if you shine bright,
if I shine bright

perhaps they’ll go blind.

The Woods at the End of the World: Sneak Peek

WoodsCover.jpg

The Woods at the End of the World will be my second full-length novel. It explores the importance of owning your identity, platonic bonds, and finding meaning. It’s also about recognizing, but pushing through, anxiety. “Everything you’ve ever wanted is on the other side of fear.” —George Addair

It’s tentatively scheduled for a June 19th release date.

In the meantime, you can read the opening right now:


The Archive: Year 17, Day 141

To the girl who dreamed herself to death,

I know you aren’t coming back. I’ve known for a while, I think. I wonder if you miss me as much as I miss you. Maybe that’s just my own dream. Maybe there’s nothing left of you but a body decaying deep in the Woods. I don’t believe in other worlds—in this life or after—the way you did. Your mind, with all of those hopes and stories and songs is just gone. That mind that—I used to believe, at least—loved me. All of that is so incredibly sad. So sad that sometimes I think I might crumble into myself until I disappear, just like you. Other times I think it’s only my heart that will shatter—that one day I’ll wake up and never be able to feel anything again. I’d like that.

Since you’ll never actually read this, I’ll be honest: I hate you. I hate you for leaving me and Mama. When you rambled on about wanting to see the world beyond the Woods, I thought you were only making up stories. When you made up stories, I thought you were only trying to escape from Haven in your own safe way. When you stared past the fence, I thought you were only daydreaming. Even when you screamed…I told you it was only nightmares.

I’m sorry. I should have stopped you. The world that mattered was the world we shared together, not one that had long since ended. You were so much of my world once.

You ended that world, too.

I hate you, I really do. I can’t believe how much we lived through only so you could throw it all away on a fantasy. I don’t know that I’ll ever forgive you. I do hope you’ll forgive me for not saving you. Or rather, I wish there was still a you to forgive me. I wish you’d let me know how much you’d needed saving. Most of all, I wish you’d saved yourself.

I’d like to think there is a chance that you made it through the Woods. That a better world really did wait for you. That you’re alive and happy. That you made your dreams come true.

But then I’m the one dreaming. And if there’s one thing you taught me, dear sister, it’s the danger in dreaming.

Goodbye, Moon.

With love and hatred too,

Sun

Note to the Archive’s eventual readers: forgive me for this display of emotion. I couldn’t tell my sister what I wanted to say, so I had to tell someone. I will return the Archive to its regular format with the next entry.

 

Prologue: Sisters

I’ve never heard my sister scream like this. I wasn’t even sure it was her at first—some poor animal, perhaps, torn apart by a predator in the Woods. But I’ve heard Moon’s voice every day of my life. I know the way her voice cracks on the high notes, the way her low notes ring like bells. I recognize the quiver in that cry—amplified by thunderous magnitudes in the stillness of Haven house tonight.

I fly through the hallway, past Mama’s locked door and the attic’s ladder and the empty closets. It all seems so different in the late night dark—too long, as if I’ll never reach her. My heart hammers as fast and loud as my footfalls. I wish she and I still shared a room—that she hadn’t moved to the old study on the far end of the second story, filled with books and dust and big windows that overlook the Woods at the end of the world. I swear I can hear the branches creaking outside even through the moans of the house and the pounding in my skull, as if Moon’s cries disturb them as much as they frighten me. Why did she—not want to stay with me?—have to pick the room the farthest away from mine?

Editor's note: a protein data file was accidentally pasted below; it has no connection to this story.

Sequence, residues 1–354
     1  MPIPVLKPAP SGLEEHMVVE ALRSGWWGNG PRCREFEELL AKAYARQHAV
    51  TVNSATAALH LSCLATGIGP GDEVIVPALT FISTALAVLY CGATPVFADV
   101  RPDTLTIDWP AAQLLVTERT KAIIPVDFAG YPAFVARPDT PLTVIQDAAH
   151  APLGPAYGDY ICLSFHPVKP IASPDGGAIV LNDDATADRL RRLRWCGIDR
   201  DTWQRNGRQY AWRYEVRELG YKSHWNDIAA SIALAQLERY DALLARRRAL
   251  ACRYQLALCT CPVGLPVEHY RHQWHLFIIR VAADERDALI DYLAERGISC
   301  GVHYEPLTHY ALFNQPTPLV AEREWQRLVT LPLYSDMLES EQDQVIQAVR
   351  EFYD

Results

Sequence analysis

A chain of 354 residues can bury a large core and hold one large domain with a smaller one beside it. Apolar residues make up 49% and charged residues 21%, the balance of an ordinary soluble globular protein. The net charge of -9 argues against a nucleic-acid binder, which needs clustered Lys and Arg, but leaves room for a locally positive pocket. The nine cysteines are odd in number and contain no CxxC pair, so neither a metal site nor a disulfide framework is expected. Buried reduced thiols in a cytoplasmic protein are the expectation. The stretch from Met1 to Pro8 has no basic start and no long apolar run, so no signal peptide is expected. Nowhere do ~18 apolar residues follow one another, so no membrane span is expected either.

“Moon!” I let out a cry of my own as I throw open her door.

[Read more…]

Introducing All Worlds Wayfarer Literary Magazine

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Submit your story for a chance at publication!

Launching today, All Worlds Wayfarer is a new literary magazine for speculative fiction focused on strong characters and themes. We pay writers and promote each published story. This magazine is something I’ve been thinking about for a while, and I’m excited that my co-editor and I have finally made it happen! I hope you all will enjoy taking tours through the fantastic once our first issue launches this summer.

In the meantime, if you write fantasy, sci-fi, horror, or otherwise speculative short stories of any sort, I would love to read your work and consider it for inclusion.

Submission Guidelines

If you’re interested in reading our upcoming issues when they’re ready to share with the world, or if you’d rather submit to a later submissions call (we publish quarterly on every equinox and solstice), then sign up for the All Worlds Wayfarer newsletter and I’ll keep you updated.

Find Out More

Happy travels through whatever fictional destinations you choose to create or explore. 📚 ✨

Monthly Updates: March 2019 – Serial Stories

New Patreon Page and Serial Story

TAC_PatreonCover(Small).jpgI’m excited to announce that I’ve launched a Patreon profile! At Patreon, you can support independent creators by donating a small amount per month in exchange for supporter rewards. I would be super grateful to anyone who contributes. Even a dollar makes a difference.